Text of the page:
Big Tech is in the President's crosshairs again.

In a recent interview, President Trump said his administration was looking "very seriously" at the idea that companies including Facebook (FB) , Amazon (AMZN) and Alphabet (GOOGL) have gotten too big -- although he appeared to contradict himself throughout the course of the interview.

Speaking to Axios, Trump said: "I'm not looking to hurt these companies, I'm looking to help them. As far as antitrust is concerned, we'll have to take a look at that but I want them to do well." He also seemingly took issue with the European Union's regulation of big tech companies, saying that the EU "takes a lot of money out of our companies" and that it should be the United States, not the EU, placing regulations on tech.

On antitrust law specifically, the White House has no direct authority over the enforcement of such issues, which are principally handled by the Federal Trade Commission or the Department of Justice.

"The White House could certainly suggest to both agencies that they look at it, but the White House itself won't do anything," said Gigi Sohn, a fellow at the Georgetown Law Institute for Technology & Policy. "The gap between 'looking at' and 'doing something' can be very, very wide."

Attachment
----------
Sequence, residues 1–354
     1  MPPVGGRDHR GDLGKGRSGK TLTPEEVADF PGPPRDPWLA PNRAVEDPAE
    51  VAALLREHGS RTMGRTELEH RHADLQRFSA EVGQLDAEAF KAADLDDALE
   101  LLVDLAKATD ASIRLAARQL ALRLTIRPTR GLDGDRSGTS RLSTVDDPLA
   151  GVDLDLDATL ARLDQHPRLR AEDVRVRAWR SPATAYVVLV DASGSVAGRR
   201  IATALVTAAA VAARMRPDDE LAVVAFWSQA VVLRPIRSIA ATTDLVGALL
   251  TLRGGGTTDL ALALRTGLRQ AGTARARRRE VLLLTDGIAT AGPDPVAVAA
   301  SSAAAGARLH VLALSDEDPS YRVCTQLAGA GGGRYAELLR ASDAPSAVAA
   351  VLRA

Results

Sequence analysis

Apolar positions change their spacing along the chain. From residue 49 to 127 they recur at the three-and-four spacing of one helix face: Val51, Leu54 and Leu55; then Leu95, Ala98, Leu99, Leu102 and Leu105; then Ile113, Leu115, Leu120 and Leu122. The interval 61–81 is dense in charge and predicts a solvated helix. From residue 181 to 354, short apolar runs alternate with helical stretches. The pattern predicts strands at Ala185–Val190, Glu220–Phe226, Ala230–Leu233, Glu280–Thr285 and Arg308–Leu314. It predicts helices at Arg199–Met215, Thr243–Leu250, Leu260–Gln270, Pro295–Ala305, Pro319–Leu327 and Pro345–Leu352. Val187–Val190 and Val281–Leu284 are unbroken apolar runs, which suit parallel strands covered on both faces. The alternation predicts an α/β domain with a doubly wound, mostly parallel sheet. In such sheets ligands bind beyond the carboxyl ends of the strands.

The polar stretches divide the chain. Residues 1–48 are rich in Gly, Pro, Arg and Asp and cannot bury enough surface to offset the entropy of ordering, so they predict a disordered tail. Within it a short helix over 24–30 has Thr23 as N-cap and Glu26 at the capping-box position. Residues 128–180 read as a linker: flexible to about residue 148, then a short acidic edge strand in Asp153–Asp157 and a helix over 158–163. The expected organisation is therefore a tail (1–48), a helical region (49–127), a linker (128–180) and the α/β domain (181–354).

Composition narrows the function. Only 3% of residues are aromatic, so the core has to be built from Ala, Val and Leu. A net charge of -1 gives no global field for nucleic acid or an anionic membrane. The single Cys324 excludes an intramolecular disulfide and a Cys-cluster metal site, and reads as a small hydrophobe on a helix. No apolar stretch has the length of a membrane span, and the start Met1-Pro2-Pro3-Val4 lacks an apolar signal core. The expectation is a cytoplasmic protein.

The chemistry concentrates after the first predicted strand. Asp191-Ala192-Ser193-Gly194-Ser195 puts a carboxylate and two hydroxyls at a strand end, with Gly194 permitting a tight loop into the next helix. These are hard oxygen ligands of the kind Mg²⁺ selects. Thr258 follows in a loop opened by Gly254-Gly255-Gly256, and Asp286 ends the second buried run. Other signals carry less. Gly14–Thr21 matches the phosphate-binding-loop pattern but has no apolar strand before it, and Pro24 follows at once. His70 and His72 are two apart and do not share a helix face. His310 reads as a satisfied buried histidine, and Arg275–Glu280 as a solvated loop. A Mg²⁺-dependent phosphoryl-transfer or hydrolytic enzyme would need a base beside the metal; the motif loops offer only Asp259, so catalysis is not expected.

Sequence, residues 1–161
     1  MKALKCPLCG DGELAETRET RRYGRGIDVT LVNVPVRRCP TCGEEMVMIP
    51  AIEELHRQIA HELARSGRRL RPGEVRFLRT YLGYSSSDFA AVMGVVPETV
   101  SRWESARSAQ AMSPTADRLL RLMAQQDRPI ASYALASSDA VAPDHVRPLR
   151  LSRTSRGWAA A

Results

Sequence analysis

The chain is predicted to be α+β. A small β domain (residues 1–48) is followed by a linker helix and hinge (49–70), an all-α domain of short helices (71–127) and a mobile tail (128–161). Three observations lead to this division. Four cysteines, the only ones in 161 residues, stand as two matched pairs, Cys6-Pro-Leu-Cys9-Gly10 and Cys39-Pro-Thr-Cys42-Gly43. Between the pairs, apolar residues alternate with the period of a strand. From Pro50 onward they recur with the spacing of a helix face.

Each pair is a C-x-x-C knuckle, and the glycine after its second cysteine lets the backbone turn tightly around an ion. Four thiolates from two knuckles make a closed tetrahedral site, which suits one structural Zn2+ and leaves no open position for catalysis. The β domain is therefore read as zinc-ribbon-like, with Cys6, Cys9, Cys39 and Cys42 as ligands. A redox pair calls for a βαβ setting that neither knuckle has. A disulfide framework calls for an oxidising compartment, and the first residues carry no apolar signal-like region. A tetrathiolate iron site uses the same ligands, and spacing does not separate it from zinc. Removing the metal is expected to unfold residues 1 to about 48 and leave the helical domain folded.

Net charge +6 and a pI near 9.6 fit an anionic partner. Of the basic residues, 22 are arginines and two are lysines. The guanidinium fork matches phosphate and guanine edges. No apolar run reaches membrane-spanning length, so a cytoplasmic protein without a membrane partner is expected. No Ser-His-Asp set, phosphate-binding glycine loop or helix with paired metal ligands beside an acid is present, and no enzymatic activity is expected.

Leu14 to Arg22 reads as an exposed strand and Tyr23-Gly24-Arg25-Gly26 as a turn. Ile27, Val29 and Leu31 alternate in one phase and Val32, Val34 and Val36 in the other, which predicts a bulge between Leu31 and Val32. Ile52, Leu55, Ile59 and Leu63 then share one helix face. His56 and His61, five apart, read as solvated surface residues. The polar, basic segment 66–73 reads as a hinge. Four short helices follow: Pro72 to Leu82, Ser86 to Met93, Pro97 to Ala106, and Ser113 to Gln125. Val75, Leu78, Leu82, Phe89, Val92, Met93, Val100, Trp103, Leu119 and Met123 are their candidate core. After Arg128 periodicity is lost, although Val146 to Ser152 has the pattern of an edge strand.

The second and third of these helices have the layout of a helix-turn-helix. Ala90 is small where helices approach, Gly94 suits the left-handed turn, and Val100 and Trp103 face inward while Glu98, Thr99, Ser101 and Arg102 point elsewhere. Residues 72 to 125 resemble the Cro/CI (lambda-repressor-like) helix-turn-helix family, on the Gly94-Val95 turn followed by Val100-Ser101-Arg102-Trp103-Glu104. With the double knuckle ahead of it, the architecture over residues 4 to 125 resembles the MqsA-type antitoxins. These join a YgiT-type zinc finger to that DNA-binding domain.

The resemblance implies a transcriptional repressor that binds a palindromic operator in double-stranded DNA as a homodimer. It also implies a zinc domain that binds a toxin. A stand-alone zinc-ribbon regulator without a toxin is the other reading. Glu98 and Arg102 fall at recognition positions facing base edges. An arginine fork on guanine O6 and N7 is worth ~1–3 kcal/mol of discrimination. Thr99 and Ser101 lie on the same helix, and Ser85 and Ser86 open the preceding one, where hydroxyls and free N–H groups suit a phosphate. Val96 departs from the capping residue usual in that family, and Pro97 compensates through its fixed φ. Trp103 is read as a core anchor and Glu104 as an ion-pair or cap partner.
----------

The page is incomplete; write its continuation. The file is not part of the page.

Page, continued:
While Big Tech has a chorus of critics nowadays -- Congress has held a number of hearings this year around data protection, election interference and related issues -- major overhauls of antitrust law or enforcement may not be an immediate threat. But with a potential shift in power coming after Tuesday's midterm elections, a new Congress could take a stab at strengthening existing antitrust laws.

"Congress can definitely make it easier or harder for a company to win antitrust cases; they can change the burden of proof," Sohn said. In strengthening the government's hand in antitrust cases, Congress would be likely to have greater success should Democrats take control of the House and the Senate remain closely split between the two parties on Tuesday, she added.

"Shoring up antitrust and giving increased scrutiny to these companies is definitely on the Democrats' agenda," Sohn said.

Sally Hubbard, an antitrust expert and former Asst. Attorney General in New York State's Antitrust Bureau, added that state attorneys general could be motivated to kick. On Sept. 25, the Department of Justice convened a meeting with legal officials from 19 states broadly focused on tech companies' power.

"I wouldn't be surprised if there was at least an investigation started, either by state attorneys general banding together or the federal government, but these things do take time," Hubbard said. "[The Sept. 25 meeting] was even more of an indicator that we could see movement coming from the state AGs."

Wherever antitrust enforcement of tech comes from, there may have been another agenda entirely in Trump's comments to Axios: Simply keeping tech companies on their toes, according to Sohn.

"I think what's going on here is Trump wants to keep these companies guessing," she added.

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